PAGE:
One of my absolute favourites on Netflix recently has been the series Russian Doll, created by Leslye Headland, Natasha Lyonne and Amy Poehler. The premise seems easy enough to get your head around: A cynical 36-year-old New York woman gets trapped in a time loop in which she keeps on dying and then returning to the birthday party her friends have thrown for her, forcing her to confront her traumatic past and the choices she has made in her life so far. However, this kind of description does no justice whatsoever to what is an incredibly funny and profound reflection on issues such as aging, the passage of time, the relationship between memory and identity, the awkward struggle to redefine gender roles in the face of inconvenient biological realities, karma and – ultimately – finding meaningful purpose in a world in which everything seems permissible and nothing is sacred anymore.
The main character, Nadia, lives in the gender-fluid, artsy-fartsy, hedonistic circles of contemporary bohemian New York. For Nadia and the ‘beautiful people’ around her, life is all about finding individual fulfilment, but they all struggle to know what that even means. Especially Nadia, who is emotionally damaged, highly intelligent and an arch cynic – a combination of character traits that has not led her to make great choices in life. Which is where the ‘Groundhog Day’ plot device of having to live the same day over and over again becomes so interesting.
The idea of being stuck in a time loop is very similar to the Buddhist idea of rebirth, in that you must come back and live life again and again until you finally let go of your desires and reach enlightenment. Which is more or less the opposite of the values Nadia and her friends represent: Their hedonistic lifestyle seems to be a continuous attempt to escape (or forget about) death through sex, drugs and rock ‘n’ roll. But the plot is also a nightmarish performance of Friedrich Nietzsche’s famous thought experiment about eternal recurrence: Imagine a demon told you today was the only day you ever get to live and you have to live it over and over again for eternity. How will you respond? Nietzsche’s intention was, as far as I understand it, not to encourage you to philosophise about some abstract notion of eternity, but rather to think deeply and seriously about your values and whether you are actually living in accordance with them.
If all of that sounds very academic and theoretical to you, fear not. Russian Doll does an amazing job of presenting these quite profound philosophical reflections in a narrative that is so entertaining, witty, aesthetically engaging, that you hardly even notice that you’re also being asked to face some pretty profound existential questions too. I won’t go into any spoilers here, but Nadia’s relationships are where the fun happens. And the dialogue is so masterful. It’s fast-paced, clever, aggressive but always making a philosophical point, too. The kind of dialogue I love.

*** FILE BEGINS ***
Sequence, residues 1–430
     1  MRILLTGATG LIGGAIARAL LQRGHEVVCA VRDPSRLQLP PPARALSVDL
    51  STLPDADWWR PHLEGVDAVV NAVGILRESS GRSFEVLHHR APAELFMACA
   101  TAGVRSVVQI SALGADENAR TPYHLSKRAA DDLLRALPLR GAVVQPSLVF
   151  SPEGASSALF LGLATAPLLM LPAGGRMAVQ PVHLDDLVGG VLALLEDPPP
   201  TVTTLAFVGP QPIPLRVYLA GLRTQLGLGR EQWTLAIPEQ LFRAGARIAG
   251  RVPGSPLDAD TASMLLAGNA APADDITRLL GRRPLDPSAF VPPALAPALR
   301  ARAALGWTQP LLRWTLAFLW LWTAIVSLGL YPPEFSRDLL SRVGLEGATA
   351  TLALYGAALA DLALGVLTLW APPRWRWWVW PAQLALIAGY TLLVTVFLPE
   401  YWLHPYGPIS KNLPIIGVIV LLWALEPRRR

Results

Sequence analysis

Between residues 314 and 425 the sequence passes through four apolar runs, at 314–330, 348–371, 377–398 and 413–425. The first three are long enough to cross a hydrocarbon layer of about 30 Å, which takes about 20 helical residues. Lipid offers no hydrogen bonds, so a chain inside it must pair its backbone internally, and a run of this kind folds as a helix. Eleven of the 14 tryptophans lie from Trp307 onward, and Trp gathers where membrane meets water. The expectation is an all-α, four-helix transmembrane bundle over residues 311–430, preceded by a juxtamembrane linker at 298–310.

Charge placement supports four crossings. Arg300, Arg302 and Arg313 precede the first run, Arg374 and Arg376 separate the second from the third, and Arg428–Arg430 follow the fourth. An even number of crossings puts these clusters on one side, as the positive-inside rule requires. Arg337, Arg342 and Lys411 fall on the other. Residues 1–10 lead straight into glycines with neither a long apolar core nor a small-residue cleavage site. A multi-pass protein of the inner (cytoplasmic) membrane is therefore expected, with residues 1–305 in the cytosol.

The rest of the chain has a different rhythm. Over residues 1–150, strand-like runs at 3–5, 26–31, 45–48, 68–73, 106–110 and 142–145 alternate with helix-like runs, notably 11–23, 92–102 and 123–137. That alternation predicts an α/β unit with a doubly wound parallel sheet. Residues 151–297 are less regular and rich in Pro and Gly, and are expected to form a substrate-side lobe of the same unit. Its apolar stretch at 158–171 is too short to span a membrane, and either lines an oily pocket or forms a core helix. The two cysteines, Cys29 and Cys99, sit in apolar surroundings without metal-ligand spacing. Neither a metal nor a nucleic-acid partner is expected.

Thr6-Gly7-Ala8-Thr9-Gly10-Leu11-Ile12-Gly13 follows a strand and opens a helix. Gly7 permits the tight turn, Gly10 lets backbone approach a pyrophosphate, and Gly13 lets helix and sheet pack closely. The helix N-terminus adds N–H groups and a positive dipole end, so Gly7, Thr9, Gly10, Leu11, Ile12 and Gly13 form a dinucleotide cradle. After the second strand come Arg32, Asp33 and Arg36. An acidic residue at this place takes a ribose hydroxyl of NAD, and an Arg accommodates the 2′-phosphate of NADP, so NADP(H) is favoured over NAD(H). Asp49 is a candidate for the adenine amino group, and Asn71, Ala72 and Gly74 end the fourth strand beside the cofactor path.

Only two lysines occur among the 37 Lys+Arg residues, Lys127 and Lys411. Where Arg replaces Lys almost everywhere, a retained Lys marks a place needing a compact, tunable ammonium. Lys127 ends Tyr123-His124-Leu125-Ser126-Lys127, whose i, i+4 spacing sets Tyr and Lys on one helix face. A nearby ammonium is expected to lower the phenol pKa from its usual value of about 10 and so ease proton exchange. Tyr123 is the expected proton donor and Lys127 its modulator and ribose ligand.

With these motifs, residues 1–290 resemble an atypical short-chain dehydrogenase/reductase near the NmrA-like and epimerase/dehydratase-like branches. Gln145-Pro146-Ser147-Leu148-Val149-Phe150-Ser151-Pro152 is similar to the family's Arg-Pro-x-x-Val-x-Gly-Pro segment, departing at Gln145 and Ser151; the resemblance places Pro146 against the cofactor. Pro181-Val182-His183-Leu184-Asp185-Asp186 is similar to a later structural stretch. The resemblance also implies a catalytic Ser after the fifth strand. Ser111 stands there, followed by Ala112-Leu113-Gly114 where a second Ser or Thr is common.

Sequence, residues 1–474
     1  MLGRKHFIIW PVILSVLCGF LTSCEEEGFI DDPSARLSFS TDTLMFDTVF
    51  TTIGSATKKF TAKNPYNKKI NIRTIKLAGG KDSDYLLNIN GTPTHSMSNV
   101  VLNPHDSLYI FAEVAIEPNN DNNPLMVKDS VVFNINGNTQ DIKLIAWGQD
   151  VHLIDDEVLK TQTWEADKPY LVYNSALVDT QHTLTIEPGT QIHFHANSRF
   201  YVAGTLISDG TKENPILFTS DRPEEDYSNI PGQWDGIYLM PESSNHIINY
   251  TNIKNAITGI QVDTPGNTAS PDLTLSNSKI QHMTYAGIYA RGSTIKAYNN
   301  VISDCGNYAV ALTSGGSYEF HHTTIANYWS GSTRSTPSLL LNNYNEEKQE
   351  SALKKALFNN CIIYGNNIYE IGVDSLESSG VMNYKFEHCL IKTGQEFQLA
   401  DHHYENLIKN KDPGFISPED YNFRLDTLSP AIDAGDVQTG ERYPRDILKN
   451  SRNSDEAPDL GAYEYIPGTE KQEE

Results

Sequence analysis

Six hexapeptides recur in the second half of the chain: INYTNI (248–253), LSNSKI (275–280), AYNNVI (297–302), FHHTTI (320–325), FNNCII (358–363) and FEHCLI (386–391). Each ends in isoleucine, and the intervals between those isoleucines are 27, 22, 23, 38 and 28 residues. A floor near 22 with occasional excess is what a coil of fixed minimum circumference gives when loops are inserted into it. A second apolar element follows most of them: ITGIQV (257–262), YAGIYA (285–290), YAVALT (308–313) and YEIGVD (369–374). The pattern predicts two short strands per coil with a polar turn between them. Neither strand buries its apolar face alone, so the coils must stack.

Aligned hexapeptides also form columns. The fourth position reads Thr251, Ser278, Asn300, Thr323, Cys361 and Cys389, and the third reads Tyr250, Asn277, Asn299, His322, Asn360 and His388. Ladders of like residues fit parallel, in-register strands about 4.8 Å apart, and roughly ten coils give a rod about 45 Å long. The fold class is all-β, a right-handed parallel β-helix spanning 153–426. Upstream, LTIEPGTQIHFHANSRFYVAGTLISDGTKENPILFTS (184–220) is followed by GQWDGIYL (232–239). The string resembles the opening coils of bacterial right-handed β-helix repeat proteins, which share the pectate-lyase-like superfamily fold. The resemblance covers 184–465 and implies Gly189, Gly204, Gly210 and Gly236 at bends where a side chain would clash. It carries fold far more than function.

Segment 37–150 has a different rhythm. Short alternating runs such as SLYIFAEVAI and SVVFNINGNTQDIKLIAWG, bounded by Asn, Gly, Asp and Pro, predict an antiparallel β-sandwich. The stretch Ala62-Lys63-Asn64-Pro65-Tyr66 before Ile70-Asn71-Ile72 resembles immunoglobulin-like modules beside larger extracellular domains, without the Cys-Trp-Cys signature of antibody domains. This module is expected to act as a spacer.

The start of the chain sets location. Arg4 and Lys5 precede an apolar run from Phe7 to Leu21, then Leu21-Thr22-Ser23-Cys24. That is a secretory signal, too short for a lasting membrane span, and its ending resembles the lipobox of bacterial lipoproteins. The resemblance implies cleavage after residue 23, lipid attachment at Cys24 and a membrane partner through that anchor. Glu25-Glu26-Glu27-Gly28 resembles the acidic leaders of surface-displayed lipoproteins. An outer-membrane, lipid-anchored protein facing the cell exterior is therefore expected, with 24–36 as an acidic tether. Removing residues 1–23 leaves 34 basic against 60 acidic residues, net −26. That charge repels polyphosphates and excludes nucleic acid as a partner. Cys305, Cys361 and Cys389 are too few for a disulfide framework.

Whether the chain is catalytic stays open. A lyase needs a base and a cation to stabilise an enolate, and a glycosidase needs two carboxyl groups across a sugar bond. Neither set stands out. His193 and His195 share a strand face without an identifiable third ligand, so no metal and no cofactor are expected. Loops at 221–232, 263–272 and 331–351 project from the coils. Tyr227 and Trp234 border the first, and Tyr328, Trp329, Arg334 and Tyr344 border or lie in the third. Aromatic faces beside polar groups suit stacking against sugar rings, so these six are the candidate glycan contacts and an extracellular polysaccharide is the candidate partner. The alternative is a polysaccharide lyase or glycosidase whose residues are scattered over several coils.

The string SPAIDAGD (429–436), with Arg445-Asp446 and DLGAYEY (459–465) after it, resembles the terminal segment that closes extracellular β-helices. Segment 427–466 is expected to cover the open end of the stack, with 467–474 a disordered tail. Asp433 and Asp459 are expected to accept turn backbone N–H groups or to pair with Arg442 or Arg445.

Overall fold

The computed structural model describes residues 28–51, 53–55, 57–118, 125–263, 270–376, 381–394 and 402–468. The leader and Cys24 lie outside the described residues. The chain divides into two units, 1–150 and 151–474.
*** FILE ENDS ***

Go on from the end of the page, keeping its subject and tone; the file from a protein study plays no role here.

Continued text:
Here’s an example from the pilot script (so it’s not identical to the first episode as it aired, but it’s certainly just as good). This is the first time Nadia has returned to the party after having been knocked down and killed by a taxi. She's flirting with Mike, just like she did the first time round, in a room with a fish tank. The abrupt switch between existential questions and unabashed sexual activity is characteristic of the tone of the series:
Nothing in the series is superfluous or arbitrary. For example, Nadia’s incredible red hair is like a warning to the outside world to keep its distance, but this is precisely her problem: She can’t live life all on her own. Or: The party Nadia keeps on returning to every time she dies is situated in a building that used to be a Yeshivah (a Jewish house of study). This reminds us that it’s easy, but not necessarily sensible, to ignore the history our culture and values are built on: Replacing religious tradition, structure and community with post-modern, individualistic debauchery might be a bit like jumping from the frying pan into the fire. Then there’s the imagery of rotting fruit: Even though Nadia keeps being ‘reborn’ to relive the same evening over and over again, the moulding apples and melons she encounters warn her that time is not standing still (for her): She must persevere on her mission.
There are also multiple allusions to films that play with similar themes, such as Stranger Than Fiction (tooth brushing in front of a mirror), Eternal Sunshine of the Spotless Mind (gradual disappearance of furniture and other people from Stella’s loft), The Matrix (Nadia writes code, she keeps dying and coming back to life and the choices she makes have consequences – is life a game we’re stuck in?) and probably lots more that I didn’t get.
All said, I enjoyed this series on too many levels to mention. Highly recommended!